Johnson & Johnson expects Covid-19 vaccine data next week

Drug giant promises to meet delivery targets agreed with countries on vaccine doses

Johnson & Johnson expects to report data on its Covid-19 vaccine early next week and said it would be able to meet the delivery target for doses to countries with which it had signed supply agreements.

Johnson & Johnson expects to report data on its Covid-19 vaccine early next week and said it would be able to meet the delivery target for doses to countries with which it had signed supply agreements.

 

Johnson & Johnson on Tuesday said it expected to report eagerly-awaited data on its Covid-19 vaccine early next week, and that it would be able to meet the delivery target for doses to countries with which it had signed supply agreements.

The release of the phase 3 trial data for its vaccine may show whether the jab works just as well against the virus variant that emerged in South Africa, because some of the J&J trial sites were in the country.

Chief executive Alex Gorsky said he was hopeful that the current data showed a “durable” and “sustainable” response, following positive results in earlier trials.

“We’ll get out information as soon as we can, regarding some of the variants. Obviously we’re watching that closely, based on some of the regional, geographical differences that we’ve seen,” he said.

The company’s comments about meeting agreed delivery targets was pointed in the context of the ongoing row between the European Union and British-based rival AstraZeneca over last minute delays that could see EU states left 60 per cent short of supplies.

Concerns have also arisen in media reports about the suitability of the AstraZeneca vaccine for older people.

Addressing the issue before the European Parliament on Tuesday, the Irish woman leading the European Medicines Agency, Emer Cooke, said trial data in the file presented to the regulator by the British company so far included a “very small” number of older people.

Single shot

The Johnson & Johnson vaccine could be the first approved as a single shot, making it more convenient than the already authorised jabs. The company is also testing two doses, but that data will not be available until later in the year.

Public health officials are increasingly counting on single-dose options to simplify and boost national inoculation campaigns, given the complications and slower-than-hoped rollout of authorised vaccines from Pfizer and Moderna, which require second shots weeks after the first.

AstraZeneca, which was yet to be approved in the EU, has had even more complications to date. These have undermined confidence that, with its low price and ability to be stored at standard temperatures, it could prove a game changer in managing the global pandemic.

Johnson & Johnson’s comments came as it announced quarterly results. The company also forecast 2021 profit well above Wall Street estimates, and its shares rose 3.4 per cent to $171.55.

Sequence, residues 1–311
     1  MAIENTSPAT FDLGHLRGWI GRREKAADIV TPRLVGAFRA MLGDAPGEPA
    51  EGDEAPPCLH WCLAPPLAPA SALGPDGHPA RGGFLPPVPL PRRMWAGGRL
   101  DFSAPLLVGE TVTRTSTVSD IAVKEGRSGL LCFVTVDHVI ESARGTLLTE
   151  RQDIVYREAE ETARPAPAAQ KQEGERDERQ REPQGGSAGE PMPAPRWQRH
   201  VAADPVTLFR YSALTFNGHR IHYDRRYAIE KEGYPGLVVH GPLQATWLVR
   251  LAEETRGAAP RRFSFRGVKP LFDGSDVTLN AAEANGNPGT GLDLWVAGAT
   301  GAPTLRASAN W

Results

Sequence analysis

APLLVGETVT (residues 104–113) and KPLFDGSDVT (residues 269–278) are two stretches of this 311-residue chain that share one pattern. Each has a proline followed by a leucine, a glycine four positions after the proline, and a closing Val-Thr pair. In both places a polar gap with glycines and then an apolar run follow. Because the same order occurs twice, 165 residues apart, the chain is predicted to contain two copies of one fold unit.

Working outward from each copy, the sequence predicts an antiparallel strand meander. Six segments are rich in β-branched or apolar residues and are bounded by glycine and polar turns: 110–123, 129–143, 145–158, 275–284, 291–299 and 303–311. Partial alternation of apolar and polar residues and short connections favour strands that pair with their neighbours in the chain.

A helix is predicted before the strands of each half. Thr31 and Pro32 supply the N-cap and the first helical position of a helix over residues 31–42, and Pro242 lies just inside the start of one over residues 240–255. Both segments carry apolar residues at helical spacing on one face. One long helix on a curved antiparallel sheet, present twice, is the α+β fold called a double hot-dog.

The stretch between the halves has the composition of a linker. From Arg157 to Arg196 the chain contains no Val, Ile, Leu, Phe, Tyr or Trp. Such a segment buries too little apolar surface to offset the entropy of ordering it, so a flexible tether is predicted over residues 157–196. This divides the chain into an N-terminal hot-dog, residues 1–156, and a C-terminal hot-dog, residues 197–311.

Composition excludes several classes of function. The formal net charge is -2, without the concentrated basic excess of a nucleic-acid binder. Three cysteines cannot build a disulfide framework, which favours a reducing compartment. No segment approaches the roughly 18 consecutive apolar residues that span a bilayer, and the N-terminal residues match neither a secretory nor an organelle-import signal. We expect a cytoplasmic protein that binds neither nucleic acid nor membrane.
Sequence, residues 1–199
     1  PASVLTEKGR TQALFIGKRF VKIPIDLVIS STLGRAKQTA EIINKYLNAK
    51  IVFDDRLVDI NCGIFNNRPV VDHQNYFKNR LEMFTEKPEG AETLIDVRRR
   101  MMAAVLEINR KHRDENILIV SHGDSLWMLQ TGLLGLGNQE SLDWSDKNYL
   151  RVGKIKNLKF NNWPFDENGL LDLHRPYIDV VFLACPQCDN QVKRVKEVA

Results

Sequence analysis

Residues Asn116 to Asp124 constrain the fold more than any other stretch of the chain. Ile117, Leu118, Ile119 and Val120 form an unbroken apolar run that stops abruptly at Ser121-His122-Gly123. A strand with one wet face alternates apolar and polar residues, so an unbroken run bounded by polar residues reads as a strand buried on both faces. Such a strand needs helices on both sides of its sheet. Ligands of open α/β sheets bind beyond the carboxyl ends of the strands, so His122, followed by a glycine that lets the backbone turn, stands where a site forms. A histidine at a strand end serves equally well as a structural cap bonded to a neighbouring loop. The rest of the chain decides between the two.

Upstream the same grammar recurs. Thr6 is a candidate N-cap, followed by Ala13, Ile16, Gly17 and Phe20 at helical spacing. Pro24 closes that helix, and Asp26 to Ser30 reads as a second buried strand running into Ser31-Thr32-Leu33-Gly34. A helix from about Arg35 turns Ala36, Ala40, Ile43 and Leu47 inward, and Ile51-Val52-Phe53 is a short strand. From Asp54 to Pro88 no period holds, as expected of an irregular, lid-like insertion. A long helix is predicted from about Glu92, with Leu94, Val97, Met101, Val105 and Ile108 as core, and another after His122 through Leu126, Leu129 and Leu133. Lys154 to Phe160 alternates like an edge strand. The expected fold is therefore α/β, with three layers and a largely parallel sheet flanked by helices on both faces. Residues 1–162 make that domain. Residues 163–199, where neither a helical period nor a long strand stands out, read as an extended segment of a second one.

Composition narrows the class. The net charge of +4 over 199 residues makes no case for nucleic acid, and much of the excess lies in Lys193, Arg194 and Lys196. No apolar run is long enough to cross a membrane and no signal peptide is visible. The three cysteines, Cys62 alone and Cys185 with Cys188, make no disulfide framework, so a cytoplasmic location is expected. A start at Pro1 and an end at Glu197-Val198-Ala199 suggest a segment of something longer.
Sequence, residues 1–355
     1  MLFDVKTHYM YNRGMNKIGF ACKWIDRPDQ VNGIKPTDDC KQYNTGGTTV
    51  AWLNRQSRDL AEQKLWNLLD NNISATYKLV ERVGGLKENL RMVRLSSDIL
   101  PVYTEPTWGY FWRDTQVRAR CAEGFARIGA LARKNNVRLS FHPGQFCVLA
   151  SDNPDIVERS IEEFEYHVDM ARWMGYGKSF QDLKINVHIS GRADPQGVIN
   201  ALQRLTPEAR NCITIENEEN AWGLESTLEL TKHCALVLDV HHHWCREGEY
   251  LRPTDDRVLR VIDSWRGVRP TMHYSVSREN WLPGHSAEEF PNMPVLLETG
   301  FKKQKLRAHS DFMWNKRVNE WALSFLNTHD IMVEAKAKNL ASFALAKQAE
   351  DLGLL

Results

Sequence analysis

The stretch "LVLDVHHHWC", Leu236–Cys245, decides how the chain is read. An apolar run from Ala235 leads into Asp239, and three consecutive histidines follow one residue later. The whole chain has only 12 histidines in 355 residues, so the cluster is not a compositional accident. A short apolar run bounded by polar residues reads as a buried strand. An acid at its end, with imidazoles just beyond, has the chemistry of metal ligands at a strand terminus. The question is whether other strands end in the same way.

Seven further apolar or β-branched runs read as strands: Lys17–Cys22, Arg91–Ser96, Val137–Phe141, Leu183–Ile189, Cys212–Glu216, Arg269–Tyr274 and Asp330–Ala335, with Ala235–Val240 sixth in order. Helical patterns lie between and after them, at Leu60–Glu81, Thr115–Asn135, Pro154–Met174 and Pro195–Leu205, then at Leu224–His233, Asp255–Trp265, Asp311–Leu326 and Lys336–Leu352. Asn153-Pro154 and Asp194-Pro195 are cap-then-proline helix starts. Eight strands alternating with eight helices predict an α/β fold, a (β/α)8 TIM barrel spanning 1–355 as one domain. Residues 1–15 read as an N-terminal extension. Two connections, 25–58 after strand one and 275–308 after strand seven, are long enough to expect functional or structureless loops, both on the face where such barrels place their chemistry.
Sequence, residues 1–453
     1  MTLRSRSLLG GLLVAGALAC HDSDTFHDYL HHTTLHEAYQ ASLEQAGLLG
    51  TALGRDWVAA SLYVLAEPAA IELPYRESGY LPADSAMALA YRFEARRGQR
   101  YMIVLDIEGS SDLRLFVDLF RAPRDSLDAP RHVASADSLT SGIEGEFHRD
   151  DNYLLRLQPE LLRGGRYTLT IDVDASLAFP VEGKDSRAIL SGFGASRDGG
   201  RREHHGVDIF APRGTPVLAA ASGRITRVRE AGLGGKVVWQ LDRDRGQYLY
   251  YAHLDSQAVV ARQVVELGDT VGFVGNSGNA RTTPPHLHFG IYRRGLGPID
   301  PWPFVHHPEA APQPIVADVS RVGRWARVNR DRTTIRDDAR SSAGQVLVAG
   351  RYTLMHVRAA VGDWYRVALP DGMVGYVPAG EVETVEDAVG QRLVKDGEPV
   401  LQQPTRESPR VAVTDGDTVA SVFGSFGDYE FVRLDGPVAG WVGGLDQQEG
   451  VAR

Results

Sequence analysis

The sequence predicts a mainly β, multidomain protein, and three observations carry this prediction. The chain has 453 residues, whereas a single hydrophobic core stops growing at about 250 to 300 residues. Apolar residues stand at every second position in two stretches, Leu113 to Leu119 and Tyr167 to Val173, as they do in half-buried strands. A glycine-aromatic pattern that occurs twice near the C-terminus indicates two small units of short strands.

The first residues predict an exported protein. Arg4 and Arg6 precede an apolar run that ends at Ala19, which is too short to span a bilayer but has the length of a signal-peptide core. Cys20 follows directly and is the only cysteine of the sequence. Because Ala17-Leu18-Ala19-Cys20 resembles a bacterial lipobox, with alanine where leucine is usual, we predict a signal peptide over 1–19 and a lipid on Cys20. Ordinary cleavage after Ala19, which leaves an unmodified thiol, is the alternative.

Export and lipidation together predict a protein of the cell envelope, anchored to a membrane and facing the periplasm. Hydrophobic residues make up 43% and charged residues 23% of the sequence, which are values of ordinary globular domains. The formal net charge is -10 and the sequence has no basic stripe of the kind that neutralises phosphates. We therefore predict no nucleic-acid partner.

The outlook does not include any contribution from the Covid-19 vaccine, chief financial officer Joseph Wolk said.

He added that pricing of the vaccine would depend on the number of doses secured by countries and organisations.

“We will let the science play out. Once we have the data, obtain regulatory authorization and finalise agreements to supply, we will provide financial updates as warranted,” he said on a conference call.

Separately yesterday, French pharma group Sanofi said it will fill and pack millions of doses of Pfizer’s Covid-19 vaccine from July in an effort to help meet the huge demand for the US drugmaker’s shots.

It will aim to help supply more than 100 million doses of the vaccine this year from its German plant in Frankfurt, chief executive Paul Hudson told Le Figaro newspaper on Tuesday. Pfizer and its German partner BioNTech are struggling to meet the huge demand for shots that are the world’s best bet for overcoming the pandemic.

Results

Johnson & Johnson said its medical device unit continued to recover despite the recent surge in Covid-19. The division was hit hard earlier in the pandemic by a decrease in elective and non-urgent procedures like hip and knee replacement as people avoided care or hospitals were forced to suspend such procedures.

Fourth-quarter sales in the unit fell marginally to $6.59 billion. Adjusted profit of $1.86 per share beat estimates of $1.82 per share, helped by double-digit sales growth of Crohn’s disease drug Stelara and cancer treatment Darzalex.

Stelara sales grew 32 per cent to $2.44 billion, while sales of Darzalex jumped nearly 60 per cent to $1.25 billion.

J&J forecast 2021 adjusted profit of between $9.40 and $9.60 per share, compared with analysts’ estimates of $8.99 per share. – Reuters / The Financial Times Limited 2021